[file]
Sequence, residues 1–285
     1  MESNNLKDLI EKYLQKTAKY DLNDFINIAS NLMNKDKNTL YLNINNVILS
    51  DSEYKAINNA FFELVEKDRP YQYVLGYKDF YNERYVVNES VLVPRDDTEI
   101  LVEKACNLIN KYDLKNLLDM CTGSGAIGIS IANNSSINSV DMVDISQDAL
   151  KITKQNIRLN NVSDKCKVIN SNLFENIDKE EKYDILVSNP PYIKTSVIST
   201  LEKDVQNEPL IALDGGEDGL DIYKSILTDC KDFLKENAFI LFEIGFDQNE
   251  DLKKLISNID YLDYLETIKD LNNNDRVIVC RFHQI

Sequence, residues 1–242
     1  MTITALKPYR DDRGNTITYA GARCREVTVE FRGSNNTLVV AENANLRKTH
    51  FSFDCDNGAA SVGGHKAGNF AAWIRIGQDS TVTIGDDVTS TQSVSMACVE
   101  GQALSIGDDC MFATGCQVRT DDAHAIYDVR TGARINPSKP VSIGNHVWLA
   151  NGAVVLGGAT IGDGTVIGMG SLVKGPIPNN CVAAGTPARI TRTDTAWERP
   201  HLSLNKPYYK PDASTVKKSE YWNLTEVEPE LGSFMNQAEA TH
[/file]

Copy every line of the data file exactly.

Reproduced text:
Sequence, residues 1–285
     1  MESNNLKDLI EKYLQKTAKY DLNDFINIAS NLMNKDKNTL YLNINNVILS
    51  DSEYKAINNA FFELVEKDRP YQYVLGYKDF YNERYVVNES VLVPRDDTEI
   101  LVEKACNLIN KYDLKNLLDM CTGSGAIGIS IANNSSINSV DMVDISQDAL
   151  KITKQNIRLN NVSDKCKVIN SNLFENIDKE EKYDILVSNP PYIKTSVIST
   201  LEKDVQNEPL IALDGGEDGL DIYKSILTDC KDFLKENAFI LFEIGFDQNE
   251  DLKKLISNID YLDYLETIKD LNNNDRVIVC RFHQI

Sequence, residues 1–242
     1  MTITALKPYR DDRGNTITYA GARCREVTVE FRGSNNTLVV AENANLRKTH
    51  FSFDCDNGAA SVGGHKAGNF AAWIRIGQDS TVTIGDDVTS TQSVSMACVE
   101  GQALSIGDDC MFATGCQVRT DDAHAIYDVR TGARINPSKP VSIGNHVWLA
   151  NGAVVLGGAT IGDGTVIGMG SLVKGPIPNN CVAAGTPARI TRTDTAWERP
   201  HLSLNKPYYK PDASTVKKSE YWNLTEVEPE LGSFMNQAEA TH